9
Some useful Mixins in Django
Django
Mixins

We started using Mixins in our Django project for HackerEarth about an year back and they truly embody the DRY principle in Django. In object-oriented programming languages, a mixin is a class which contains a combination of methods from other classes.

Add timestamp and trashed attribute for every model object - This was one of the most important thing that we should have been implemented as early as possible. The idea is that you create a Base abstract class and then sub-class every model from this class.

class Base(models.Model):
    """
    Base parent model for all the models
    """
    timestamp = models.DateTimeField(blank=True, db_index=True)
    hidden = models.BooleanField(default=False, db_index=True)

    objects = BaseManager()

    def __init__(self, *args, **kwargs):
        super(Base, self).__init__(*args, **kwargs)

    class Meta:
        abstract = True

    # Override save method.
    def save(self,  *args, **kwargs):
        if not self.timestamp:
            self.timestamp = datetime.now()

        update_timestamp = kwargs.pop('update_timestamp', False)
        if update_timestamp:
            self.timestamp = datetime.now()

        super(Base, self).save(*args, **kwargs)

    # Override delete method.
    def delete(self, **kwargs):
        self._forced_delete = kwargs.pop('forced', False)
        if not self._forced_delete:
            model = self.__class__
            kwargs.update({'trashed': True})
            model.objects.using(self._db).filter(
                    pk=self.id).update(**kwargs)
        else:
            super(Base, self).delete(**kwargs)

Every model in our code base is derived from the Base model and has the following 3 attributes

  • timestamp - I don't need to give a reason for why you should save the timestamp when any object is created in your database, there are so many things that you can do out of this data that this is an absolute must. It might not be very intuitive in the beginning but as your system becomes complex you will realize the benefits of having this.

  • trashed - This is again a very important attribute, as you would progress along you will realize that its better to trash objects rather than completely deleting them from your database. If you delete them once its completely lost but as your application becomes complex you realize you don't need to delete everything, but just need to make them unavailable to the application.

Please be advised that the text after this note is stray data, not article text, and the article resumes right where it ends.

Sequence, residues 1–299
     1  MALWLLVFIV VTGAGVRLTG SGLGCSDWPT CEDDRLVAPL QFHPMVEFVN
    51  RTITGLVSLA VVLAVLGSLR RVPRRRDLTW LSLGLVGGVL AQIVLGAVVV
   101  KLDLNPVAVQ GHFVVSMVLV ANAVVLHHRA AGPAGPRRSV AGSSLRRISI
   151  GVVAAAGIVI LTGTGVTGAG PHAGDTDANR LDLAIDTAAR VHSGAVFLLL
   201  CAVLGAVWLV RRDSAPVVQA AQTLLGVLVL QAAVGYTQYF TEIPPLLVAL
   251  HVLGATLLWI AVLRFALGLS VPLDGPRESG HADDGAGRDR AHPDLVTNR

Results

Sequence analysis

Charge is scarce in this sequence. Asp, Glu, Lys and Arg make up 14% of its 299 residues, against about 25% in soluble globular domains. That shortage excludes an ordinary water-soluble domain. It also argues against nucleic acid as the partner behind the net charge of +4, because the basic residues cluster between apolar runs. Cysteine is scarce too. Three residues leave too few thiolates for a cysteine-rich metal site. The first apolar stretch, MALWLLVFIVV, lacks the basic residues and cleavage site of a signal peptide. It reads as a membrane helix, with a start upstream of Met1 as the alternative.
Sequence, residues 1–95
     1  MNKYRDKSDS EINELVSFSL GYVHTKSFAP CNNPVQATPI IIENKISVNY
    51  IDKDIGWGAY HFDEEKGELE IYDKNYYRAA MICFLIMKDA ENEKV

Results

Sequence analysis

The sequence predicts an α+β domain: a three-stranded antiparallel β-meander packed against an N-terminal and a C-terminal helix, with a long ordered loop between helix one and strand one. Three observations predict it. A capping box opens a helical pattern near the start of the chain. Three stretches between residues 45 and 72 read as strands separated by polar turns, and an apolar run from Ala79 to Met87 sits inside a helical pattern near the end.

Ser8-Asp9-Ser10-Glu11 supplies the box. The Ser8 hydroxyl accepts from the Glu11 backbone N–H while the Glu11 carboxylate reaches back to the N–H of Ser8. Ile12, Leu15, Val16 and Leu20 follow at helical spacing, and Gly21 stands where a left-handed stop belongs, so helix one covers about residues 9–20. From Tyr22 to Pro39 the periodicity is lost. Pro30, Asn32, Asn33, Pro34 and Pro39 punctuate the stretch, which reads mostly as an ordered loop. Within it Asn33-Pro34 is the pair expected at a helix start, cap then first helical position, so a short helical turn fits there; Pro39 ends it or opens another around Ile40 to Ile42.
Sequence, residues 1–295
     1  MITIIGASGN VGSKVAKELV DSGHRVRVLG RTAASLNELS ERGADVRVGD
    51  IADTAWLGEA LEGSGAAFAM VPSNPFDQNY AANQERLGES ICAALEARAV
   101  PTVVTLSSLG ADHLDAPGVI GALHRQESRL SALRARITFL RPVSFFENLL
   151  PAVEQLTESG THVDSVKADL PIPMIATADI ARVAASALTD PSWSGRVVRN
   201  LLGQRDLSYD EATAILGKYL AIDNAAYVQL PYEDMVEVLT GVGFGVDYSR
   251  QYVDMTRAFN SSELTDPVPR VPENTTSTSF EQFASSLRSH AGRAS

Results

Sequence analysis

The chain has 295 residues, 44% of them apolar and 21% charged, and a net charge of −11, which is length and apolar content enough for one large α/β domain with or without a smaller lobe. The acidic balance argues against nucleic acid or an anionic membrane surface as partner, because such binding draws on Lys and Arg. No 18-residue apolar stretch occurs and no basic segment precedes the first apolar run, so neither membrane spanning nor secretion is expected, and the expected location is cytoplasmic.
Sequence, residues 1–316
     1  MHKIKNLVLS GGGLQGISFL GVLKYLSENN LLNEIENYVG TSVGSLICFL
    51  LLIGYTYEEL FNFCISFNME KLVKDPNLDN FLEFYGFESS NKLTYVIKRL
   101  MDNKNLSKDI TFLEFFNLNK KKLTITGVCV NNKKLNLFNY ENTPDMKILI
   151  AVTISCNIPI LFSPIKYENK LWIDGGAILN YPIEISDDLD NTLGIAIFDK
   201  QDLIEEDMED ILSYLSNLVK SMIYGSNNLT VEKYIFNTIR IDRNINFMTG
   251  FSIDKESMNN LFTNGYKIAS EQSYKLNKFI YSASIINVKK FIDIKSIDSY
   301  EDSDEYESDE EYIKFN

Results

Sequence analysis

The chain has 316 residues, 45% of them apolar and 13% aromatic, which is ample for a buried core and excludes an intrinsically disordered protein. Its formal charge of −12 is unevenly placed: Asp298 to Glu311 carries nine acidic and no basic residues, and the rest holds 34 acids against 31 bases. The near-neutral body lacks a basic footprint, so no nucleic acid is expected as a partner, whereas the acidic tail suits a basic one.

Note that implementing the trashed functionality requires more than this mixin because in addition to adding this attribute, one also needs to make sure that whenever there is a query from the model, the trashed object should not be included in the querylist.

class BaseManager(models.Manager):
    """
    Base Manager for Base model
    """
    def __init__(self):
        super(BaseManager, self).__init__()

    def get_query_set(self):
        return BaseQuerySet(model=self.model, using=self._db).filter(trashed=False)

    # If you are using newer versions of Django you will need to define this
    def get_queryset(self):
        return BaseQuerySet(model=self.model, using=self._db).filter(trashed=False)

Slugged - for adding slug field to a model with title/name - This class can be used for any object where you need to create a slugged field, this is suitable for any content object which is used to store content, for instance the model object that stores this 'Note' is derived from Slugged class because we use the slug generated from the title for creating urls.

class Slugged(models.Model):
    """